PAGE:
“Consider” this reality: just nine short years prior to Monroe’s message, the British Army had burned the nation’s Capital, including the White House. What, on earth, would the U.S. do against a similar incursion on Rio de Janeiro, Caracas, Santiago, or even Mexico City?
In short, the MD was a “paper pledge,” invoking nothing more than the will of its sponsor. In fact, it had no more authority than any similar “Doctrine” issued by other entities, including Hitler’s “thousand-year Reich,” Marx’s “dictatorship of the proletariat,” or Woodrow Wilson’s “war to end war.” That, after all, was the only true meaning of the word doctrine, a “principle, position, teaching.”
In practice, the “authority” of the MD was derived almost exclusively from the British Navy, which, in fact, had the singular power to patrol the waters of the Western Hemisphere and also had an identical interest in keeping continental Europe from further intrusions. As diplomat George Kennan once expressed in his book American Diplomacy (1950), the MD was made possible by Britain’s control of the Atlantic, through which the U.S. could operate without dissent from a “sheltered position behind the British fleet and Britain’s continental diplomacy.”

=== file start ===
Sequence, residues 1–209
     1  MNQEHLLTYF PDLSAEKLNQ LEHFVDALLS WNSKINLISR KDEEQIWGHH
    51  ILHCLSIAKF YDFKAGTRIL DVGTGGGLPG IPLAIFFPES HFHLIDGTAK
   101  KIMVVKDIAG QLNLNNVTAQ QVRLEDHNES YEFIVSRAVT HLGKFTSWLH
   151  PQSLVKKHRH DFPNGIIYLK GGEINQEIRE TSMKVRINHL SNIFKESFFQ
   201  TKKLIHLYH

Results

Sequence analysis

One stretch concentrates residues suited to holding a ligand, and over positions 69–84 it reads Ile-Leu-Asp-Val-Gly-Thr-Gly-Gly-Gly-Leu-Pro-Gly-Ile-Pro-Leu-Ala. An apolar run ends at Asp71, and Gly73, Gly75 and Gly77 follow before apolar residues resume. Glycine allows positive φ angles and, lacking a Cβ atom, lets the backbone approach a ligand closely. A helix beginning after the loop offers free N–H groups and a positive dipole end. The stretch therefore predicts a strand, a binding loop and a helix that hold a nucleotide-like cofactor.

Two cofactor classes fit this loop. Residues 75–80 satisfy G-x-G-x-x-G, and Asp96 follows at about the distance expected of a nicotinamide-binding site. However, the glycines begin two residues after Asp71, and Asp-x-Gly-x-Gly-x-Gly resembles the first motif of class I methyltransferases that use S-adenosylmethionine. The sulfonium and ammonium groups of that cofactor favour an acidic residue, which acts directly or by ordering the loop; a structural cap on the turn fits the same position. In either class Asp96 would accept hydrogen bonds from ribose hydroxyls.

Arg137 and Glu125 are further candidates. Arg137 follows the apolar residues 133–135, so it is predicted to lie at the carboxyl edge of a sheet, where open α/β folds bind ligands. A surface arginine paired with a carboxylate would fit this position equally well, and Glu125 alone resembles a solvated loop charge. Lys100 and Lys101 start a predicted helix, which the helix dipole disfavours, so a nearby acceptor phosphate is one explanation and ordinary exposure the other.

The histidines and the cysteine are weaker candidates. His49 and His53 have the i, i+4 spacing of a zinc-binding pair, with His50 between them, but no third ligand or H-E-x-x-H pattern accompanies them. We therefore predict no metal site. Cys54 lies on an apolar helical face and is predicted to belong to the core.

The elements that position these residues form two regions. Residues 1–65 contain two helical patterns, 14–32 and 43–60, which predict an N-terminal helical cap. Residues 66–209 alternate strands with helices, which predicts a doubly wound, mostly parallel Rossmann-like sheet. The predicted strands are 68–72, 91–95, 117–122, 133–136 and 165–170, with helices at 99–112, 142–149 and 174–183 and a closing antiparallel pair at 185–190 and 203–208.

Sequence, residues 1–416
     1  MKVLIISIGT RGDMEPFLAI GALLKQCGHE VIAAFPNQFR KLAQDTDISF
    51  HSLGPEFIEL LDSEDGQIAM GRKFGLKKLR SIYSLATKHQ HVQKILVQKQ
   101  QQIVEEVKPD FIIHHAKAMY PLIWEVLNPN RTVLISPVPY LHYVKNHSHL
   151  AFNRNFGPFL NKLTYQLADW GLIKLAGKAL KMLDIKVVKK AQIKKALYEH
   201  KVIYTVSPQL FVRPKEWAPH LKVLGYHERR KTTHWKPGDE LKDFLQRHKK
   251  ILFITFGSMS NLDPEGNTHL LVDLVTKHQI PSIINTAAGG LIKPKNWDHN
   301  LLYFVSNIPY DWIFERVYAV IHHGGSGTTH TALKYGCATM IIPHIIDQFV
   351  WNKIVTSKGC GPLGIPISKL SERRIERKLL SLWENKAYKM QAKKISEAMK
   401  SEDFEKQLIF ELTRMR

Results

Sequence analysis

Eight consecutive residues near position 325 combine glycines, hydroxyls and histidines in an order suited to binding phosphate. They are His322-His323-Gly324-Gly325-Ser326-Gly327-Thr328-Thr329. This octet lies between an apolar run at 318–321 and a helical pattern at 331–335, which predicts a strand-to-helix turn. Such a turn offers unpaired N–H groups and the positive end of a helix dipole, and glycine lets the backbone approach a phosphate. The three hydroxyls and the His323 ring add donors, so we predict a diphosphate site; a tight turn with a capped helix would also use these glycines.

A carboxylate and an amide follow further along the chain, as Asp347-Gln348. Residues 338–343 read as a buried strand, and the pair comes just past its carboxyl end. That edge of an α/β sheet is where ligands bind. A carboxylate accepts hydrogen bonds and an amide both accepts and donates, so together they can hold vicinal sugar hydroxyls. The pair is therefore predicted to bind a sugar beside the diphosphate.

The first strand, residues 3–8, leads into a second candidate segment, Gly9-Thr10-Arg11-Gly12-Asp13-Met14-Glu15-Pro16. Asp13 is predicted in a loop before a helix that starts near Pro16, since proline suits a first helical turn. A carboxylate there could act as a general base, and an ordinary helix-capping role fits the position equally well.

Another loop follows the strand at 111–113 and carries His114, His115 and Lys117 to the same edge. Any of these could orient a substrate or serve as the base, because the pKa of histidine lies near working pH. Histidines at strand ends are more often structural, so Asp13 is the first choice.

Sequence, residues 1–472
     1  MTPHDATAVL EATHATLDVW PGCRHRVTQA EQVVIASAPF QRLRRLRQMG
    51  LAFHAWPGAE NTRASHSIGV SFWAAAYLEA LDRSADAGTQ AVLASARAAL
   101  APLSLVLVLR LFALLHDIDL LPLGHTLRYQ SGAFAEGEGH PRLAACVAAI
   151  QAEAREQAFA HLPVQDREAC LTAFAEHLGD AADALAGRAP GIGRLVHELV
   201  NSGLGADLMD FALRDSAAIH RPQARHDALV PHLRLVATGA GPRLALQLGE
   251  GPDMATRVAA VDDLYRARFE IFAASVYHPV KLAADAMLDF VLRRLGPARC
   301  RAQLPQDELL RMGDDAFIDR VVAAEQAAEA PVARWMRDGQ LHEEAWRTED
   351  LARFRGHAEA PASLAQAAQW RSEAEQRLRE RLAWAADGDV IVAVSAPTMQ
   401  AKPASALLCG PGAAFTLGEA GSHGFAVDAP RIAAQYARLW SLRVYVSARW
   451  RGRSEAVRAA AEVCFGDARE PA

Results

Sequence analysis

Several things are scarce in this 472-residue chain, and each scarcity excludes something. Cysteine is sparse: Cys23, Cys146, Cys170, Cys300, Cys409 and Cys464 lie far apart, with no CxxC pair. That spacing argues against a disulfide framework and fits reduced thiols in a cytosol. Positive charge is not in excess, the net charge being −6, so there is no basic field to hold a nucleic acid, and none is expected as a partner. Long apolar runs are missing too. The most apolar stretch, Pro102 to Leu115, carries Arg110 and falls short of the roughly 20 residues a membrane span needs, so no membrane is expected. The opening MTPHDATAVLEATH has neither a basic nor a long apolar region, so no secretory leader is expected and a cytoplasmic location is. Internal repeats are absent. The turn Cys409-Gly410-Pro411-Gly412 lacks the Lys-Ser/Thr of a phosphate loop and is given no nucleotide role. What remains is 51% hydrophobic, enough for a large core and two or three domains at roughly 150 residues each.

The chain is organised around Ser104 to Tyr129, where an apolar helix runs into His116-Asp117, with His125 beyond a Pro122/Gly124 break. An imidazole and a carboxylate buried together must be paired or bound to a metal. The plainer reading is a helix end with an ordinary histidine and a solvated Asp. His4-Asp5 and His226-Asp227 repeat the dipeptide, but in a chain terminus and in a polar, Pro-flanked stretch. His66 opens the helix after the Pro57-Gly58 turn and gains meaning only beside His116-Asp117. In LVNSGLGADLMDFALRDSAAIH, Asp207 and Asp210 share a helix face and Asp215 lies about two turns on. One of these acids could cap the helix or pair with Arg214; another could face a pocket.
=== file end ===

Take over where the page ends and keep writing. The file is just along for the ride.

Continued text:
Perhaps the lasting legacy of the MD was not the hemisphere but the origins of the “special relationship” between the two countries that became the saviors of the Twentieth Century.
But in practical terms, the MD eventually turned from a defensive “shield” into an offensive and aggressive “sword.” The first indications of this transition were the expansion of the U.S. Navy into a world power (1880s), the Spanish-American War (1898), the takeover of the Philippines and Hawaii (1898-99), construction of the Panama Canal (1904-14), the dispatch of the Great White Fleet around the globe (1908), and America’s defense of British interests in World War I. As Kennan again expressed it, the U.S. developed “an awareness of the damage that would be done to our world position by the elimination of England as a strong force in the world.”